Parents as Soothing Agents

When our little people are overwhelmed by big emotions, it is our job to share our calm, not join their chaos.
— L.R. Knost

Parents and caregivers are critically important in helping children regulate their emotional states. Often, however, it is the very tantrums and meltdowns that spike parents' own anxiety reactions, leaving them unable to respond effectively as soothing agents. You might find yourself attempting to calm your child down through persuasion, coaxing, arguing them out of the anxiety, or rescuing them from the emotion. What if parents stopped trying to change behavior, and changed how they thought about parenting? Parents have the power to adjust their own thoughts and feelings about the struggles of parenting and about what a child's behavior is trying to communicate.

Dr. Dan Siegel proposes "Connection before correction." Parents need to first listen to the child, acknowledge her feelings, and offer guidance. The acronym SOOTHE (developed by Goodyear-Brown, Ashford, and van Eys) helps parents remember strategies to responding to emotional symptoms.

S = soft tone of voice, soft tone of face

0 = organize the child's experience

O = offer choices or a way out

T = touch or physical proximity

H = hear what the child is needing

E = end and let go

Elevation of a parent's voice will only feed the escalation of a child's tantrum. "If parents can choose to lower their voices, use a soothing tone, and remain calm, they will be anchoring the child's experience beneath the current level of escalation." (Paris Good-Year Brown in Play Therapy with Traumatized Children).

A lack of structure intensifies anxiety and dysregulation. Consistent schedules and soothing routines help to organize your child. Offering a narrow range of choices to a child helps to manage the emotion that arises during a decision making process, as well as provide a positive sense of control. A simple touch or physical proximity is meant to reaffirm children and keep the parent child relationship intact. Hearing what your child is communicating is discerning what the child's need is. This discernment will guide your response. Does your child's behavior communicate a need for attention? power? to feel adequate? rest? a snack? Lastly, Dan Siegel (2003) talks about the toxic ruptures that can occur between parents and children when upset occurs but it is never processed. Parents need to acknowledge their right to their own feelings of anger and exhaustion, but also let go of it, and remain responsive to their child after the meltdown has occurred.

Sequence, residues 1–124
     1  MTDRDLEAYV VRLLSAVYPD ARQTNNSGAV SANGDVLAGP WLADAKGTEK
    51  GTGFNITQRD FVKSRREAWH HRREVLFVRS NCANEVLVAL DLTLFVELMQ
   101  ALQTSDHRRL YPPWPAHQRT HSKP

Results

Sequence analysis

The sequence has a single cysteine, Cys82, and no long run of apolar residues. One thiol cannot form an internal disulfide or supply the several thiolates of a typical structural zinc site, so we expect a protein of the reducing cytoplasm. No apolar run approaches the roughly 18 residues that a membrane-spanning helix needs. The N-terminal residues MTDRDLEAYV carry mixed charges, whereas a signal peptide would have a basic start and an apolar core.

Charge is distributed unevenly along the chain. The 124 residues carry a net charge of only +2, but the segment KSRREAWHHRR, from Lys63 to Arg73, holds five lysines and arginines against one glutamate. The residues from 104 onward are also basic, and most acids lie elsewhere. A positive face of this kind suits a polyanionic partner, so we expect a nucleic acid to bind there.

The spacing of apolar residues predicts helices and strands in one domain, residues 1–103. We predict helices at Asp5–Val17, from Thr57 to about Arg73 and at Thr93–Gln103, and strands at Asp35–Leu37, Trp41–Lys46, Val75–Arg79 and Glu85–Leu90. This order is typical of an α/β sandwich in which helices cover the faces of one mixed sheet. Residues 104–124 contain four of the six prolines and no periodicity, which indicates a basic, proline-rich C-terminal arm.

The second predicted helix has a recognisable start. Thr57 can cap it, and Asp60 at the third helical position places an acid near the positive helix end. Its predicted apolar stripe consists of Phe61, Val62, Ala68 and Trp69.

Once connection is built, parents can move to the next step and discuss the issue. Helpful questions that encourage connection are: "What happened? How did this anger feel inside your body? How did this feeling make you react? What would be another choice for next time you feel sad?"

If you are interested in more helpful tips, we recommend "The Whole-Brain Child: 12 Revolutionary Strategies to Nurture Your Child's Developing Mind" by Daniel Siegel and Tina Payne Bryson. "Peaceful Parenting, Happy Kids: How to Stop Yelling and Start Connecting" by Laura Markham)

How does the counselor involve parents?